Home gardens are small-scale subsistence food production systems developed and maintained by households to meet daily nutritional requirements.
Agriculture producers mainly grow crops for consumption such as vegetables, fruit, herbs and spices for human use. Furthermore, they supply indigenous medicines, home remedies, firewood and alternative fuels as well as firewood.
They provide ecosystem services such as soil conservation, nutrient cycling and pollination.
Home gardening can be an invaluable asset in food self-sufficiency and household economic stability. Studies show that households that cultivate their own gardens can produce 20-60% of the fresh vegetables, medicinal, aromatic plants, eggs and milk from small animals that they need for daily consumption – an increase in nutrition intake that contributes to household resilience against temporary shortages or natural disasters.
Home garden produce sales are an effective way to supplement family incomes, providing savings or purchasing other commodities. Furthermore, cultivating home gardens allows families to engage in physical activity such as digging, planting and weeding which promote health and wellbeing.
Home gardens can help increase biodiversity by selecting appropriate species and employing effective management practices, as well as engaging in environmental education for gardeners. Furthermore, home gardens could serve as a repository of local knowledge related to crops and livestock production that foster agronomic development while upholding traditional farming traditions.
Home gardens are typically led and managed by women and provide households with an abundant source of fresh foodstuffs, improving family nutrition while meeting daily consumption needs in cases of food insecurity, price fluctuations and malnutrition. Furthermore, these home gardens can act as an additional source of income while simultaneously raising women’s socio-economic standing.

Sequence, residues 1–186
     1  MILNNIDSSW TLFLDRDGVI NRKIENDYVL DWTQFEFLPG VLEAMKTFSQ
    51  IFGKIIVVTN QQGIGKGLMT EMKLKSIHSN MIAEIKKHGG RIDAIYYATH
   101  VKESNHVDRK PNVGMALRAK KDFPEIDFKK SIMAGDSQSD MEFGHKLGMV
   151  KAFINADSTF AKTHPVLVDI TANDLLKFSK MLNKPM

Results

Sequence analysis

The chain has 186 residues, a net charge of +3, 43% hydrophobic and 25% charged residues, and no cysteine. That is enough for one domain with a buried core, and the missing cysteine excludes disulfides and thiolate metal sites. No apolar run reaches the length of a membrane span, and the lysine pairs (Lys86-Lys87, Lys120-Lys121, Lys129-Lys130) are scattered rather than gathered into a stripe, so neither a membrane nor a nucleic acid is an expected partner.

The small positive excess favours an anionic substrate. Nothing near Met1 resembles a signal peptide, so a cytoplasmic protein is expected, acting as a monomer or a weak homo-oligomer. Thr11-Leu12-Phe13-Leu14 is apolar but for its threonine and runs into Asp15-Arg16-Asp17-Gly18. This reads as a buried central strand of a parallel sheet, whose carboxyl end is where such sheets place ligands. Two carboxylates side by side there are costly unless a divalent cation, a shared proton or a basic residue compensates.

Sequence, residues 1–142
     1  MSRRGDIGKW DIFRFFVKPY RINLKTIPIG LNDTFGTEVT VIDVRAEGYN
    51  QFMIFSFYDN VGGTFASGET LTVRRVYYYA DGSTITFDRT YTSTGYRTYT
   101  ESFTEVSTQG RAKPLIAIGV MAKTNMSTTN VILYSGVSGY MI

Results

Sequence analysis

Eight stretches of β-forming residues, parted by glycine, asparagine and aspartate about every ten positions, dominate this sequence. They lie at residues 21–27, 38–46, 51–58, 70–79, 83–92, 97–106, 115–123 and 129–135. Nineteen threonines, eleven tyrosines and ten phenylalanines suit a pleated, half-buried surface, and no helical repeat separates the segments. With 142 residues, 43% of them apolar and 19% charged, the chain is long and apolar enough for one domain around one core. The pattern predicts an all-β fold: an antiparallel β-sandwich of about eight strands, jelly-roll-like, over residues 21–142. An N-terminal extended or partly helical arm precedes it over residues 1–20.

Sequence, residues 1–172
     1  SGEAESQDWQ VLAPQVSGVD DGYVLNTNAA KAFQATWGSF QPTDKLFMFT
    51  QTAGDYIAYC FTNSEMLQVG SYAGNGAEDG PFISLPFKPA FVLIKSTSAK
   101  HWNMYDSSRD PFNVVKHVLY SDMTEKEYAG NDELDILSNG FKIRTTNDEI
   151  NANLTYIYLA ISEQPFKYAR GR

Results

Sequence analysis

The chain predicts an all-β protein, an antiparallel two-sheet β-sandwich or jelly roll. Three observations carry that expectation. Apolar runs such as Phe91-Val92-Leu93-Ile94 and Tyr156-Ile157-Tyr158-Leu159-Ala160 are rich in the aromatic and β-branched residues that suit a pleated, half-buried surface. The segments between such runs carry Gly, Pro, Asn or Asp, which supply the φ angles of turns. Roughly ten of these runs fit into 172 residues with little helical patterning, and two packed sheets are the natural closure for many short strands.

Home gardens not only produce food, but can provide additional resources such as indigenous medicines, home remedies for ailments, firewood or alternative fuel sources, manure for building materials or animal feed. Furthermore, they can help preserve traditional knowledge and skills that may otherwise become extinct.
Home gardening can also serve as an effective form of exercise. According to studies, gardening tasks help increase serotonin (feel-good hormone), reduce stress levels and promote contact with nature as well as environmental awareness – all key components for leading a healthy lifestyle. Furthermore, gardening helps mitigate nutrition-based health inequalities.
Home gardens have been shown to offer numerous environmental advantages. Studies have demonstrated their ability to reduce chemical fertilizers and pesticide use, leading to improved soil health, while producing less GHG emissions than commercial food production . Moreover, composting reduces methane and nitrous oxide emissions.
Studies have demonstrated the positive environmental benefits of home gardening. Home gardening promotes environmental consciousness and pro-environmental behavior while producing crops within your garden can improve soil quality and nutrition, cutting down on chemical fertilizers and pesticides that pollute waterways and harm the environment.
Home gardens typically boast high biodiversity. Studies have revealed that home gardens contain plants serving various purposes such as food, medicine, spices and ornamentals. Home gardens can act as carbon sinks if planted strategically while also helping sustain “wild” species metapopulations through habitat creation . Furthermore, certain crops grown in home gardens may reduce noise pollution by blocking out noise sources like roads.
Though it may seem counter-intuitive to your health goals, digging in the dirt may actually be an indicator of strong immunity. Studies have revealed how beneficial bacteria found in soil can boost immune function and make it easier for us to remain healthy while combatting infections.
Gardening can be an excellent form of exercise. As a low to moderate intensity activity, gardening has been shown to raise levels of brain-derived neurotrophic factor and platelet-derived growth factor – both associated with memory and cognitive functioning.
Home gardens provide an important source of fresh nutrients in many areas where people don’t have access to enough nutrient-rich food sources, contributing to improved nutrition and food security, while helping reduce malnutrition-based diseases .